Who yields to whom?
That’s the question the Polly Ann Trail Management Council (PATMC) is hoping to answer for trail users via some new signage.
Last week, the council voted unanimously to proceed with the development and installation of signs along the 16.9-mile recreational trail that inform users who has the right of way in order to help prevent confusion, accidents and confrontations.
Both cyclists and pedestrians are supposed to yield to individuals riding horses. Cyclists are also supposed to yield to folks on foot, be they walking, hiking or running.
Leonard Village President Mike McDonald, chairman of the council, proposed the idea and submitted a photo of a triangular “Trail Courtesy” sign on another Michigan trail.
Images representing a cyclist, a walker and a horseback rider are located in the corners and there are arrows pointing to each one with the words “yield to” in the center of the sign.
“It’s a graphic message more than a written message,” McDonald said. “We could have the signs permanently placed on the trail, especially in the high-use areas where we know there’s going to be a lot of equestrian traffic.”
“I think it’s absolutely perfect,” said Trail Council Member Ed Brakefield, an equestrian trail user and Addison Township trustee.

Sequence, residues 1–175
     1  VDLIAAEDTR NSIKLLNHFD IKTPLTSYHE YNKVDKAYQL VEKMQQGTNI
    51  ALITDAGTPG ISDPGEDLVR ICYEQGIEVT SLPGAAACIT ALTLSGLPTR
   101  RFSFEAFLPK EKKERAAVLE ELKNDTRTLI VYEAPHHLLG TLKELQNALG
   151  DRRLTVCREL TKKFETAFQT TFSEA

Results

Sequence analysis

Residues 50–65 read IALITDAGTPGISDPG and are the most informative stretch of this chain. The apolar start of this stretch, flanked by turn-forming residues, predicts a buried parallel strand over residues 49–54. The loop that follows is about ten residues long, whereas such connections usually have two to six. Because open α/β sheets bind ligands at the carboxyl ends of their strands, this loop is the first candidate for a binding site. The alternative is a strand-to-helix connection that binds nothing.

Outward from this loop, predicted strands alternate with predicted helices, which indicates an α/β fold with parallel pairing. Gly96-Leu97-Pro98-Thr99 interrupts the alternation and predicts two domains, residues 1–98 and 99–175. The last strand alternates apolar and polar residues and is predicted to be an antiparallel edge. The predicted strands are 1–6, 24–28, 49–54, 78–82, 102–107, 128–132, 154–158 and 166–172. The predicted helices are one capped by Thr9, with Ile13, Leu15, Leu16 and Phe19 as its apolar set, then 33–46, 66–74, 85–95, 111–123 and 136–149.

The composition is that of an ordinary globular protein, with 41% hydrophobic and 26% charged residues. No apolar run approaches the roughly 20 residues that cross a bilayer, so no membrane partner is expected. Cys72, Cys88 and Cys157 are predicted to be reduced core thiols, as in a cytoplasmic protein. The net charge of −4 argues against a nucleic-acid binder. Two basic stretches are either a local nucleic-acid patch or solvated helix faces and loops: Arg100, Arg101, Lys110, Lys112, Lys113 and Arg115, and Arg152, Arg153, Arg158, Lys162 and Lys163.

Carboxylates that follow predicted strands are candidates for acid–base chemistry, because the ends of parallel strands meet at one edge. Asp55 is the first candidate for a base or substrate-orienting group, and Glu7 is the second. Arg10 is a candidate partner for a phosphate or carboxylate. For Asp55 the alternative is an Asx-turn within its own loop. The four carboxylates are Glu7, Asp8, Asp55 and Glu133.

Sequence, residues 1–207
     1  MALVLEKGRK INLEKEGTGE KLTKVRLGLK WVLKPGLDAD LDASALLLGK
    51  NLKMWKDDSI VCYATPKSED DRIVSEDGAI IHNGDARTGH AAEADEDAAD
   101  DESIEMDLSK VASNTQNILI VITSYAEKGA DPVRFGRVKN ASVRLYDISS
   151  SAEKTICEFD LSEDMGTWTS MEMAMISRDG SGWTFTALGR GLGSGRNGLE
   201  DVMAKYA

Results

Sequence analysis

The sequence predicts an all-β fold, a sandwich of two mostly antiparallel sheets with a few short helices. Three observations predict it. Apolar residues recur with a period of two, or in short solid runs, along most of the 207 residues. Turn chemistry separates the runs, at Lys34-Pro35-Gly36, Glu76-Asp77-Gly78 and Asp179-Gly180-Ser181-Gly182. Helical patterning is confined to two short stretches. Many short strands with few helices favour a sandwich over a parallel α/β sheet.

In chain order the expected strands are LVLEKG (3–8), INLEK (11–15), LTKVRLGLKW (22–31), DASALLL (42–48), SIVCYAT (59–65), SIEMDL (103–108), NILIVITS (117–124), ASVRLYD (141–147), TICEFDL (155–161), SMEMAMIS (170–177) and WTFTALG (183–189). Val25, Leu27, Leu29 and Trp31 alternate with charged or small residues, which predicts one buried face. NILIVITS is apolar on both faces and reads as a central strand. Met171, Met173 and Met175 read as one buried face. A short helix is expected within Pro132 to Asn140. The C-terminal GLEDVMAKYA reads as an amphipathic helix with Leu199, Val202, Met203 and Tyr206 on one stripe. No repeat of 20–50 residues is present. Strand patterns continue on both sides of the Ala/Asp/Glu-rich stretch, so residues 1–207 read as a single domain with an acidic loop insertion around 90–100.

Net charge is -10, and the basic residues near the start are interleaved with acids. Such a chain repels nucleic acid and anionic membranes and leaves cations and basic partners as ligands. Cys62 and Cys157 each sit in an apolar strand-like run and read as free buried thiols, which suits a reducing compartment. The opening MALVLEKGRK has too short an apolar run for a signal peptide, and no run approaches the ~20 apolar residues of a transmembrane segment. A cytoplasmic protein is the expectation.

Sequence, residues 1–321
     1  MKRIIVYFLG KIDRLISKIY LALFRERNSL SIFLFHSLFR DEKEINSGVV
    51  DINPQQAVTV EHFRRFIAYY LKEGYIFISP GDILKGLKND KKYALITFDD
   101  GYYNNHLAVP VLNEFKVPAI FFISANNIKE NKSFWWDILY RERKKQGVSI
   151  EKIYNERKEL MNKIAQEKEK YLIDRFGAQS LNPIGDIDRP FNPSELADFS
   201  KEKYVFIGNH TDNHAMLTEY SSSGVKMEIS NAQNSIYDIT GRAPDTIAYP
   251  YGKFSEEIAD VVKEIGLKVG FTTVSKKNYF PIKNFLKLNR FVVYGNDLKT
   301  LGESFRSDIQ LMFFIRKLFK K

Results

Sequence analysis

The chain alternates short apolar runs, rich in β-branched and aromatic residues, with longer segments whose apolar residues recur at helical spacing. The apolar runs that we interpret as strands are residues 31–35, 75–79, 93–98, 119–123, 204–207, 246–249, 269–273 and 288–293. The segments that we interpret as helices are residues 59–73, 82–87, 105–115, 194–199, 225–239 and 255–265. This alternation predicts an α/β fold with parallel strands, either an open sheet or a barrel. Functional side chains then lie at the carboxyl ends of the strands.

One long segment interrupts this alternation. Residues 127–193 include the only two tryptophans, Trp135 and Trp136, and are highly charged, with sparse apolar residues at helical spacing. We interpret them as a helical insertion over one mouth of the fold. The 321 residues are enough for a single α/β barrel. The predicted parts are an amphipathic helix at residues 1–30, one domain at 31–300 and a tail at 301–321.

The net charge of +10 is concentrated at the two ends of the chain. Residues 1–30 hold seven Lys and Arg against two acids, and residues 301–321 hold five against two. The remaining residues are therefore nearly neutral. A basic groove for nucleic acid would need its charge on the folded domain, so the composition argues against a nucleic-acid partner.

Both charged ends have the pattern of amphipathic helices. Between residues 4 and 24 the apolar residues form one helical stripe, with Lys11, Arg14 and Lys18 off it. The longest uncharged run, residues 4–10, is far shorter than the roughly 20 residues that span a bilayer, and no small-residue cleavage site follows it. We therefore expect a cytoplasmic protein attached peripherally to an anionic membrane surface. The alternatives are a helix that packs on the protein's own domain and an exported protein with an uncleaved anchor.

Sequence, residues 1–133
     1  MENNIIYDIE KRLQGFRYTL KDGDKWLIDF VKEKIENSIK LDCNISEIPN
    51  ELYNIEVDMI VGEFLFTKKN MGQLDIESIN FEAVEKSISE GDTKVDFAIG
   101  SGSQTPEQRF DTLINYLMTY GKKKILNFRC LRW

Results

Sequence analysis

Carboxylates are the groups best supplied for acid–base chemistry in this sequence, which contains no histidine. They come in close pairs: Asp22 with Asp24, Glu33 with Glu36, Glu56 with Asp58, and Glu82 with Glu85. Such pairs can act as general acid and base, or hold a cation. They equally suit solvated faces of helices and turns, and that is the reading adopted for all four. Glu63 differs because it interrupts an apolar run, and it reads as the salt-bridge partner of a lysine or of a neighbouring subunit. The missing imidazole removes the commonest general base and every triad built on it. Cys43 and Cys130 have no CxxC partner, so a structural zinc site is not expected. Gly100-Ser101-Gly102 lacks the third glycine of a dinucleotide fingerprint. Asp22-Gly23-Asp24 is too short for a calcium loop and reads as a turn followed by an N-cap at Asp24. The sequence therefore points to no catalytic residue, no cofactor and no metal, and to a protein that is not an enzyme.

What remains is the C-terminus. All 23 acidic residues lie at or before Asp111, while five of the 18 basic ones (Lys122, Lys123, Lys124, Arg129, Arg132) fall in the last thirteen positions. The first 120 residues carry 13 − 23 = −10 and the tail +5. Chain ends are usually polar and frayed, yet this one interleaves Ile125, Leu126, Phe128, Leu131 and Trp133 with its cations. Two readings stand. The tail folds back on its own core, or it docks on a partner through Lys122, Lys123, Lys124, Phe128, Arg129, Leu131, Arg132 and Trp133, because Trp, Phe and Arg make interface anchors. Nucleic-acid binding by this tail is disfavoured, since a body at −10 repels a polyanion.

Trail Manager Linda Moran was directed to explore potential sources for this signage and costs.
She noted she might be able to get this done as part of an Eagle Scout community service project.
“Then it wouldn’t cost us anything,” she said.
Moran asked the council how many signs it had in mind.
“I think the trail manager will determine that,” McDonald replied.
“Every 50 feet,” joked Brakefield.
PATMC Member Mark Thurber, treasurer for Orion Township, noted he doesn’t wish to see the trail become cluttered with too many signs. “I’m a big proponent of less is more,” he said.
Thurber noted he’s “not really crazy about signs” in general, “but I really thought that these (would) fit perfectly” on the trail. He suggested attaching them to existing monuments and poles wherever possible in order to “minimize” the number of new poles needed.
Brakefield proposed attaching them to the mile-markers along the trail.
“That may be the perfect spot to locate them, so you get two things in one,” he said.
Brakefield also suggested placing them on the stop signs located everywhere the trail intersects a road.
“Put them on both sides of the road,” he said. “Anybody who goes on the Polly Ann would have to see it.”’
The Polly Ann Trail runs through Addison, Oxford and Orion townships, as well as the villages of Leonard and Oxford.